Triumph Rat Motorcycle Forums banner

1 - 7 of 7 Posts

·
Registered
Joined
·
38 Posts
Discussion Starter #1
Today I took a long ride up into the hills with some friends on my 1973 750 Tiger… Probably about 100 miles of riding. I return home and notice the oil pressure light is on when I pull in the garage. Rev the bike a little so see if it’s an issue of thin oil… light stays on. Look down at my return line; there’s oil moving there. Long story short: I pull the timing cover off and the crank end seal was ripped. So I was riding with very little pressure. I fixed the seal and the engine built up good pressure and held it for 4 or 5 seconds after killing the warmed engine. No weird noises or other abnormal behavior. How much sleep should I lose over this?
 

·
Registered
Joined
·
6,527 Posts
If you are talking about the small seal that mounts in the timing cover, when I tore my '66 T120R engine apart, that seal was torn. I suspect it happened when the bike was reassembled and would guess that's when yours tore as well. Can't see a seal tearing once properly engaged on the shaft. Wear yes, but not torn.

There were no signs of any abnormal wear in my engine. Looks like it had original bearings, which I replaced due to wear. But there were no indications of overheating of the bearings or wear on the big or small end bearings. The wear I found was typical for usaged/age, not from lack of lube.

I would agree with the others that you are okay.

regards,
Rob
 

·
Registered
Joined
·
38 Posts
Discussion Starter #5
Thanks Snakeoil, 68TR6R, and KADUTZ, I feel much better knowing that others have had this problem and not suffer catastrophic engine damage.

The seal was definitely torn and the spring fell off. It may have been damaged on installation… but I put about 1000 miles on the engine with no oil pressure warnings, so I think it finally gave out yesterday… maybe as I drove away from home with the bike cold and relatively higher oil pressure. In any case, with no seal, I was probably running with 5 pounds of pressure or less in the bottom end… seems like that would cause problems in terms of wear. I’m going to check the exhaust valves and see if they’ve loosened up due to oil starvation on the exhaust side cam.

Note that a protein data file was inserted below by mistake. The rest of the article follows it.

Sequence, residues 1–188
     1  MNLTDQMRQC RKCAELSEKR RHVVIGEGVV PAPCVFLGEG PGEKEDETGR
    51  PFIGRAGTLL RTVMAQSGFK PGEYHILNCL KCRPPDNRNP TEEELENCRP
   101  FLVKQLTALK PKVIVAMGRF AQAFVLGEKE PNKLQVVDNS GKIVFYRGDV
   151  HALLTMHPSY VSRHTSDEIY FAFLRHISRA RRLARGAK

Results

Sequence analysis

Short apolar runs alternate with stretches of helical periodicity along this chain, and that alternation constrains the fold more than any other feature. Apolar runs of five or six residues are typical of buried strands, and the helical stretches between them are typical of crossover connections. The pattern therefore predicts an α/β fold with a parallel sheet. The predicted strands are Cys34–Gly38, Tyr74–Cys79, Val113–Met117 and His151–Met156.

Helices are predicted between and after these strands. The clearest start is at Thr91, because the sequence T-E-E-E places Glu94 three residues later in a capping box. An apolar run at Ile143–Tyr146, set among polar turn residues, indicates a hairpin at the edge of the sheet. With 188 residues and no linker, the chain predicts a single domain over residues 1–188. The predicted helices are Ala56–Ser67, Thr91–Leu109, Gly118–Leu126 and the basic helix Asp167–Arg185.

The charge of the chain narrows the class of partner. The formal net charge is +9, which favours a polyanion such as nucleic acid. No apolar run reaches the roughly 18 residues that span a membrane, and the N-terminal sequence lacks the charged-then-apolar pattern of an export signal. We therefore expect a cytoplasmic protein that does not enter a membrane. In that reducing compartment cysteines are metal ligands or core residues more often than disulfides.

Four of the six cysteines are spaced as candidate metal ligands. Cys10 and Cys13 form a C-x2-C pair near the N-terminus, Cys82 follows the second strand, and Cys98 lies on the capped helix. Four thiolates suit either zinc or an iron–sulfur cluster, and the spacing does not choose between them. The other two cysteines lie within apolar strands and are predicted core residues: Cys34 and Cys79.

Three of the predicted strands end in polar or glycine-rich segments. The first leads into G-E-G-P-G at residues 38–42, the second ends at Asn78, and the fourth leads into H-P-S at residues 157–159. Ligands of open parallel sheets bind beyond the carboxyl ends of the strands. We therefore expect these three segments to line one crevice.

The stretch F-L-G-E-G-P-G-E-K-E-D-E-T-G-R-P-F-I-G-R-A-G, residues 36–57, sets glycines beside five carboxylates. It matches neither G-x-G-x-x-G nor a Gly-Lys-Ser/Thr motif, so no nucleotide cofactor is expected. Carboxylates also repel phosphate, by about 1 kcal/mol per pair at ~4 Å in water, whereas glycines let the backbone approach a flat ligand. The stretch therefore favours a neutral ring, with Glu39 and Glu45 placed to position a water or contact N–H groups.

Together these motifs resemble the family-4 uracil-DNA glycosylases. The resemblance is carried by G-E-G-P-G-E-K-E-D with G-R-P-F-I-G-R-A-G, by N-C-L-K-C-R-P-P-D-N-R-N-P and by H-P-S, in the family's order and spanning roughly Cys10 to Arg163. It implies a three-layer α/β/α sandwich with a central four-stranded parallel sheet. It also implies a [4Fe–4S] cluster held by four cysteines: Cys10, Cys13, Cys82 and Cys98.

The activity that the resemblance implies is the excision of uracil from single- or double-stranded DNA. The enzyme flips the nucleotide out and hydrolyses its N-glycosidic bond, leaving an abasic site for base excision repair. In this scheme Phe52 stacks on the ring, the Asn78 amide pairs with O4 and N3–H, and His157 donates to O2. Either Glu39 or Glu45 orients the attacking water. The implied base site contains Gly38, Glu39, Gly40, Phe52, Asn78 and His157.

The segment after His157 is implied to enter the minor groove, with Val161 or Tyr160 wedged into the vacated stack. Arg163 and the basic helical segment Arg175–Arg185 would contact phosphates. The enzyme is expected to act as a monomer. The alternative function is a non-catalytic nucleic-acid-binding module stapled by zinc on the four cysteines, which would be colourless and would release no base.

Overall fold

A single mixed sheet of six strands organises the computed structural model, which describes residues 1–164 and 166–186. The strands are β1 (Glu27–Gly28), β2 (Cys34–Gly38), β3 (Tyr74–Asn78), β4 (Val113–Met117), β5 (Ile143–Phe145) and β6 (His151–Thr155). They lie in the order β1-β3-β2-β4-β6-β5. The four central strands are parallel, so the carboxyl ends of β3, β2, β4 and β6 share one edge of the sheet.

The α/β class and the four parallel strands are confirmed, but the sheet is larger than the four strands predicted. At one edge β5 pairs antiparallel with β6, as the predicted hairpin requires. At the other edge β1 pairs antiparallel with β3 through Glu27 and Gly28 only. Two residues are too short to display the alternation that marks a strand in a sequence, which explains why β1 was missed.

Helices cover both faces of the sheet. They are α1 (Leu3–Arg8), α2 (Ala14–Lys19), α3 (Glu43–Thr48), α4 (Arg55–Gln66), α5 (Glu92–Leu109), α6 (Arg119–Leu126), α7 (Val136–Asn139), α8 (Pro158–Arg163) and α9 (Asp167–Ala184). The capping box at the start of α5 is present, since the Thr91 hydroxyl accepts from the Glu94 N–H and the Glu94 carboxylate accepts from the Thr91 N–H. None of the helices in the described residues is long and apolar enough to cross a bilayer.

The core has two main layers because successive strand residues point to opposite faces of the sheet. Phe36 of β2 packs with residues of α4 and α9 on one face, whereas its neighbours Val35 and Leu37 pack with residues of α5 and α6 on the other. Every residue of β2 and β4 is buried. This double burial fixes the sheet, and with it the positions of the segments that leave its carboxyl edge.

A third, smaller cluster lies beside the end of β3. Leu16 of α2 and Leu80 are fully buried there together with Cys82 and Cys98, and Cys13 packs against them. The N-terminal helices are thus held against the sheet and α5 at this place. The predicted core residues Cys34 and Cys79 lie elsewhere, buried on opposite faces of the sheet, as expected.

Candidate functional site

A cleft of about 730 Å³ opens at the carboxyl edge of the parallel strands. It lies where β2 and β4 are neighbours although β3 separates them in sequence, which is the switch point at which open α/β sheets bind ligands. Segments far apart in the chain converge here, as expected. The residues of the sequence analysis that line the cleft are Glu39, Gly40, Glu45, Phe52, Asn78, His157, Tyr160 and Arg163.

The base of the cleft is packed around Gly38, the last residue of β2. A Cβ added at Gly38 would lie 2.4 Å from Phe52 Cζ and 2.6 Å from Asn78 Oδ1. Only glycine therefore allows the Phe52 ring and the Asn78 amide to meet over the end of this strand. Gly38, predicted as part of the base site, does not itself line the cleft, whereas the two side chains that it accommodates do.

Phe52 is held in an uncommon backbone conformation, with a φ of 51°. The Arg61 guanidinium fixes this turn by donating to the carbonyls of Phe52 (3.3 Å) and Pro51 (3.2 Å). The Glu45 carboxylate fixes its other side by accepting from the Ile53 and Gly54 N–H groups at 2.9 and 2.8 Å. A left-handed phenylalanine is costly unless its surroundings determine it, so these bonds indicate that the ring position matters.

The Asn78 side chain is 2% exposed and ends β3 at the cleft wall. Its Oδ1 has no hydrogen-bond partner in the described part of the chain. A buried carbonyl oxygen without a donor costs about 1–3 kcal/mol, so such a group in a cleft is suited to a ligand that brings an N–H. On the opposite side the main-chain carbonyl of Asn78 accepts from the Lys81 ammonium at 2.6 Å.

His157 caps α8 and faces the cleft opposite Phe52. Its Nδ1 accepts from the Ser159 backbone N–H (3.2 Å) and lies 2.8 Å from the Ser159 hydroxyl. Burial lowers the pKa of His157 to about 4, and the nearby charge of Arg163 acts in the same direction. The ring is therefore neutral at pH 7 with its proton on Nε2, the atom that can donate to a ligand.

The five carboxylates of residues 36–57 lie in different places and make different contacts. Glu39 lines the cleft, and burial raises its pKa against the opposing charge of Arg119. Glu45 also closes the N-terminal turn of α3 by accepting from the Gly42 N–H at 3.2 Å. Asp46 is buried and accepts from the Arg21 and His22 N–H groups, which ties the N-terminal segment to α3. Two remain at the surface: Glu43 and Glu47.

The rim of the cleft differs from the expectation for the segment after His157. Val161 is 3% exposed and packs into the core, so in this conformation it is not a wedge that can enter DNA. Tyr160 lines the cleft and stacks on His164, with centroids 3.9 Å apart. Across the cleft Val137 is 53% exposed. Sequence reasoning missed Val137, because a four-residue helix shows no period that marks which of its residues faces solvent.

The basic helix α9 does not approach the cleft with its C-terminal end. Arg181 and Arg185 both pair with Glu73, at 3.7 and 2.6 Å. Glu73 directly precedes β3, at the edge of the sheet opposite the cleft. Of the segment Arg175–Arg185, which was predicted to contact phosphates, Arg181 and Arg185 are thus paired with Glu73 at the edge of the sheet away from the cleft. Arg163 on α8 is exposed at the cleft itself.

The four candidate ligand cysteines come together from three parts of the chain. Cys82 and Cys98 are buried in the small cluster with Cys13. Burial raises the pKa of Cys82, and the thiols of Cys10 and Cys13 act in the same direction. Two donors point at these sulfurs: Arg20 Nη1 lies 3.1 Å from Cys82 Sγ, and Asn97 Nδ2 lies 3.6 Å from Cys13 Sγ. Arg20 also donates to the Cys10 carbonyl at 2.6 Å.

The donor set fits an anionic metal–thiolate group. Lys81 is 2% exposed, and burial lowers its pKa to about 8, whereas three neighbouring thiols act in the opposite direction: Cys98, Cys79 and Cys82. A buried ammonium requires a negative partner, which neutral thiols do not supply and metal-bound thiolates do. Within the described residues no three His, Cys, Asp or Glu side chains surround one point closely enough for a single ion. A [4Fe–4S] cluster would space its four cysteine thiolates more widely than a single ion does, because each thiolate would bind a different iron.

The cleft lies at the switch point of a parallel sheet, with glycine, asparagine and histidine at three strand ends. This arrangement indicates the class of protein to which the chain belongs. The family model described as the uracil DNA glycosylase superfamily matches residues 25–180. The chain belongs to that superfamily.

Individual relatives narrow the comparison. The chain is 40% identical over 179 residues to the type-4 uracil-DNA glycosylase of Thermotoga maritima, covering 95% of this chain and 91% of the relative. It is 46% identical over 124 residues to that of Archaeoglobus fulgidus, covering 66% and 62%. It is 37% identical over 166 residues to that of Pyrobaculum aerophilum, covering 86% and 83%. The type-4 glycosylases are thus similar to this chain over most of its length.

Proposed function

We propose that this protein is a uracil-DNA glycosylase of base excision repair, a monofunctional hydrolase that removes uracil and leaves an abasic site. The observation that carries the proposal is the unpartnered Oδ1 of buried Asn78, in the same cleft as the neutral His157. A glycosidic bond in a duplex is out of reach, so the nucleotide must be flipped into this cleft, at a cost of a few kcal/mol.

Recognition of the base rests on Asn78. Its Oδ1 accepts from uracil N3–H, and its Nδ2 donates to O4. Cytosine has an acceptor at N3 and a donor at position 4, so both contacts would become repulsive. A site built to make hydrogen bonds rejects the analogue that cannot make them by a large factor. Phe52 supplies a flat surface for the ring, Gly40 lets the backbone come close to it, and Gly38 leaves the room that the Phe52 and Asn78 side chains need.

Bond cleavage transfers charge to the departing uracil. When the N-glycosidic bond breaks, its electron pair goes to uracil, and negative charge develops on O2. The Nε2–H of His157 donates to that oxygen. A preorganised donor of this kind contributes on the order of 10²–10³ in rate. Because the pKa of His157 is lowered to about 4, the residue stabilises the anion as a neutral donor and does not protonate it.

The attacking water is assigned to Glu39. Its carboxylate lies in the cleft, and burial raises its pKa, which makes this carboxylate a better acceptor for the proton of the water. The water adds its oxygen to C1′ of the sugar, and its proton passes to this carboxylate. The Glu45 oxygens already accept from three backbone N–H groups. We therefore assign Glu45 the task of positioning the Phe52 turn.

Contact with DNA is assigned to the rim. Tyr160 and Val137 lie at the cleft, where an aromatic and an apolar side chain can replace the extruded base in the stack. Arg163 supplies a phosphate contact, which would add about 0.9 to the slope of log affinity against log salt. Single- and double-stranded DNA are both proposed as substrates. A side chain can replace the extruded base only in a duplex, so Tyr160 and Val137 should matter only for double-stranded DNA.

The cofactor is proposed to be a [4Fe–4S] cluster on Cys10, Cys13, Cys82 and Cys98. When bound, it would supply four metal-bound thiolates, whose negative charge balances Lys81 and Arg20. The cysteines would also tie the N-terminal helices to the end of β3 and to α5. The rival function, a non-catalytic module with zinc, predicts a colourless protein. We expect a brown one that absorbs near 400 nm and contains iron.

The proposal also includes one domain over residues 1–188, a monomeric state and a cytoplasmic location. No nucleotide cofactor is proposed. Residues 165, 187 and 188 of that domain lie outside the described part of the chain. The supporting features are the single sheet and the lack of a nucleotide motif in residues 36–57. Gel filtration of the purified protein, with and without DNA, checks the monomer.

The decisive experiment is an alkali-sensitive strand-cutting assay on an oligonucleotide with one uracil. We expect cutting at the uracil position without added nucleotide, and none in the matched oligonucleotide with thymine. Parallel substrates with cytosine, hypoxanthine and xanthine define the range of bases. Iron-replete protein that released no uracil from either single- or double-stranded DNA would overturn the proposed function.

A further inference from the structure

·
Registered
Joined
·
6,527 Posts
Oil pressure is used to get the oil where it is needed. The bearings actually create their own oil wedge as they operate. This is why splash lubricated engines, which have no oil pump run fine with minimal to no wear. I'm sure everyone has seen that old cast iron B&S engine that Gramps had on his first lawnmower that still runs like the day it was purchased and has never been apart.

As long as you had oil coming up thru the return line, you had oil going into the top end. 5 psi seems like a small number but put 5 psi of air pressure in your fuel tank and watch it turn into a nicely deform globe. What you lost was flow. Flow takes heat away from the bearings (and journals in the case of plain bearings). But you had reduce flow, not zero flow so you should be fine. If you had let the bike idle for a half hour in the blazing sun you might have seen issues in the big end bearings. Chances are the problems would have occurred after you shut the engine down and the hot journals heated and possibly melted the babbet. But that's an abnormal condition. I don't think any of us would let an air cooled engine idle for a long period on a hot day.

Your oil pressure switch might be iffy. Might pick up at a lower than normal pressure. Just thinking out loud here.

regards,
Rob
 

·
Registered
Joined
·
38 Posts
Discussion Starter #7
thanks Snakeoil. when you put it like that, i feel better. Maybe I will take the pressure switch out and use my air compresser to determine the psi trigger point. I've read it should be around 7-10 psi. It worries me a little that i revved the bike up to 4000 rpm and the light stayed solid but i checked the exhaust valve clearances and they were correct. if they were loose, i would be concerned that there was cam wear since, as i undestand it, the cam surface is lubricated primarily by the bottom end circuit.
 
1 - 7 of 7 Posts
Top